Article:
Following the unrest in Kazakhstan at the beginning of January, authorities have started to flesh out their account of the events. They are now laying the blame with an international terrorist conspiracy, and have started calling the unrest a coup attempt. According to President Kassym-Jomart Tokayev, the action had been coordinated by a “single centre”, though he did not name those responsible.
Unrest in Kazakhstan
The protests in Kazakhstan were incited by anger over increasing fuel prices, and escalated into a wider protest against Tokayev’s government and the previous president Nursultan Nazarbayev. Protesters seek political liberalization, including an election system for regional leaders currently appointed by the president.
“Shoot to kill”
The protests were met with harsh police action. On the 7th of January it came to a head after the president said he ordered his troops to “shoot to kill” in order to put down the uprising. Dozens of protestors have died after the security forces opened fire, hundreds were injured, and thousands have been arrested.
As a reaction to the protests, the government in Kazakhstan stepped down, and the president fired several other high-standing authorities. President Tokayev, however, remains in power, and though the direct protests have been quelled, unrest continued.
The incidents in Kazakhstan have largely gone unreported, and it is still unclear precisely how many civilians were killed during the unrest. Internet has been severed across the country, mobile-phone services have been cut by the state-run KazakhTelecom, and foreigners have been banned from entering the country. Kazakhstan has never been a country with a lot of media freedom, but according to the NGO Reporters without Borders authorities have now stepped up attacks against independent journalists. This has left the government’s version of events as the dominant narrative, though there is no evidence to support the president’s claim of an international conspiracy and details remain vague.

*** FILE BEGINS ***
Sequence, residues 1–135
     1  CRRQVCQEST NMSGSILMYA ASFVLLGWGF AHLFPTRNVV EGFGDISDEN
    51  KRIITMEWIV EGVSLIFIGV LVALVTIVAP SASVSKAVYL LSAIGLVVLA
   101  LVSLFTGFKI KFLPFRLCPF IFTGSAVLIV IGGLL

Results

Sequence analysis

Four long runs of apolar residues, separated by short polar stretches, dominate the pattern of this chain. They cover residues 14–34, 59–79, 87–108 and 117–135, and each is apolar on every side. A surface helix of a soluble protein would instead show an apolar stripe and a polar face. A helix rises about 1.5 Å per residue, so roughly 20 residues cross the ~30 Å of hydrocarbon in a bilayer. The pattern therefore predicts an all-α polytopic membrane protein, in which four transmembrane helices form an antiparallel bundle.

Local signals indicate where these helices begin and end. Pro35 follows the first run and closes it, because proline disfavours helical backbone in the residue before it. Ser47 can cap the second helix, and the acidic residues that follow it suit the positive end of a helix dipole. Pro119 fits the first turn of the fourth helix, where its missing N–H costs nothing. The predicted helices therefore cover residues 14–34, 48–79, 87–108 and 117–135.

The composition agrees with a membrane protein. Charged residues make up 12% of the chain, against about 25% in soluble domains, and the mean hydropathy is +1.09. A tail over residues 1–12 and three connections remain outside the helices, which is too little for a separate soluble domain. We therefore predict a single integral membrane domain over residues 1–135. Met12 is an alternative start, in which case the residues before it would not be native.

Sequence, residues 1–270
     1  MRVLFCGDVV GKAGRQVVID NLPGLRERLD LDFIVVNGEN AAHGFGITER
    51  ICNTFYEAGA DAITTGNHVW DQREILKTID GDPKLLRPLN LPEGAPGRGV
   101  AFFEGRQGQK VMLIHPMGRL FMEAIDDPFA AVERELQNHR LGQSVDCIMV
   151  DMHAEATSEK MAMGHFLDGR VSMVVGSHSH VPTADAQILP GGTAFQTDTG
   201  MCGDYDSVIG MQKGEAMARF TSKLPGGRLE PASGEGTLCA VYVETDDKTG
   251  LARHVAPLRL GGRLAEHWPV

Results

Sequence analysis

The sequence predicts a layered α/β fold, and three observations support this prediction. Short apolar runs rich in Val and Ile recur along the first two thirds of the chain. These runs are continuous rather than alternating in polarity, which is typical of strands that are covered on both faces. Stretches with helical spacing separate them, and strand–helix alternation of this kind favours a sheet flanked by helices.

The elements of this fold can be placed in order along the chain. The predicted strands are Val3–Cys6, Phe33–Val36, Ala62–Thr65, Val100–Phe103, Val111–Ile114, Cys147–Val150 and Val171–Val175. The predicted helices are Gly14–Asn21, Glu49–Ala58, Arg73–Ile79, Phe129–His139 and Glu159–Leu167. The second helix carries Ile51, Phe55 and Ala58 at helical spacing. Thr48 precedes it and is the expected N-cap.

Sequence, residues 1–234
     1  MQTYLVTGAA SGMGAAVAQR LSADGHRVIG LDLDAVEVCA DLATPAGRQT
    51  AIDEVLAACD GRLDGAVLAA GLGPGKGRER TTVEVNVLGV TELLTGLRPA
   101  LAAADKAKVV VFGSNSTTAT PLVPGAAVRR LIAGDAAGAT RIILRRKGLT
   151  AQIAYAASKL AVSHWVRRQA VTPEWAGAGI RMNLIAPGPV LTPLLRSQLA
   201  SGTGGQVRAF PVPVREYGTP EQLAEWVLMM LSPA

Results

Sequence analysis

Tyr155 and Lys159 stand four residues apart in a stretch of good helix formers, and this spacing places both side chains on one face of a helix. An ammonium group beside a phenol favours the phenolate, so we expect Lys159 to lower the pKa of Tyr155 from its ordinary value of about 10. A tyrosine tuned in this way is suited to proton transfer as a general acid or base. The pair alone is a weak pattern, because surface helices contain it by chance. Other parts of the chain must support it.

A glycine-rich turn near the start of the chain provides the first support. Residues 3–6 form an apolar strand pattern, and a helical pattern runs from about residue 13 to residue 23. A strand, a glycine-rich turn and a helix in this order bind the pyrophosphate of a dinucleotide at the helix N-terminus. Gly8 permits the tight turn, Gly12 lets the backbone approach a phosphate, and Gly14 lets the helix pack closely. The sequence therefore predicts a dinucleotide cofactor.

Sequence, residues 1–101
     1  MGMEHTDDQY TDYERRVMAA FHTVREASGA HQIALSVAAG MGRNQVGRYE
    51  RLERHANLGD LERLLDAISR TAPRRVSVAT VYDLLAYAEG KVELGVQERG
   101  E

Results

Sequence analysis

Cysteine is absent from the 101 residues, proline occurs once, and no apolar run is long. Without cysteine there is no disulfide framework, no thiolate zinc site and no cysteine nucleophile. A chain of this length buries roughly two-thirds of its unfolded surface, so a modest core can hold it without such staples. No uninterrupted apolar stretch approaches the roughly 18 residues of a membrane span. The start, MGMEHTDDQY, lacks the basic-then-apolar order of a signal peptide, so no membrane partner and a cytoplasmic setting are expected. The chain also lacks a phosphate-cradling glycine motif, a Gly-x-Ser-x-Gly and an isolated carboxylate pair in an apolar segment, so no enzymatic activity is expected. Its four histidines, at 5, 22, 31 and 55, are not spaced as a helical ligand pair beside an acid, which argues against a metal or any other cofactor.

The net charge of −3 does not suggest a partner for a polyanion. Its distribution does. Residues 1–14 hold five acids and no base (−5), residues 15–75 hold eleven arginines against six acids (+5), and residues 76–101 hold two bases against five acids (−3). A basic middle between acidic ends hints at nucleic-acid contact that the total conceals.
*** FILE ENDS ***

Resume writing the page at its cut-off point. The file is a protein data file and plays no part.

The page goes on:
Regardless of the poor media coverage, the unrest in Kazakhstan has attracted attention world-wide. When the president called for assistance, Russia sent troops from the CSTO, a Russian-led military alliance, often called ‘Russia’s NATO’. Within 24 hours, troops started arriving in Kazakhstan, building up to a force of over 2,000 units. Critics state that the swift arrival of Russian troops demonstrates the Kremlin’s willingness to safeguard its influence in the ex-Soviet state. Not only Russia supports the Kazakh government: China’s President Xi Jinping praised the Kazakhstan government’s deadly crackdown on protesters as “highly responsible” in a message to Tokayev. Critics state this is because China depends economically on Kazakhstan as part of its New Silk Road initiative.
Other international actors have called for a cessation of violence. In a statement, the EU External Action Service (EEAS) said it was closely following the ongoing protests in Kazakhstan, and encouraged “a peaceful resolution of the situation through inclusive dialogue with all stakeholders and respect for the fundamental rights of citizens”. The United Nations has also urged political leaders and protesters in Kazakhstan to refrain from violence.
In a reaction to the description of protesters as “terrorists”, the excessive force, and the restrictions to media coverage, international organizations such as Amnesty International and Human Rights Watch called out for the Kazakh government to cease violence immediately and respect human rights. For years, the Kazakh government has used vague “terrorism” laws to limit free expression, peaceful dissent, and the work of civil society, and there are now concerns that the authorities will use these protests to increase their repression and further suppress human rights.
President Tokayev declared he will present parliament with a new Cabinet, tasked specifically with addressing social and economic problems. Furthermore, a new prime minister has been appointed: Alikhan Smailov, a long-serving public servant. Smailov has since announced that plans will be made to decrease the wealth gap. The unrest has died down for now, but sceptics stay critical and the question lingers whether it will remain calm in the country and what political changes will really come from the so-called “coup”.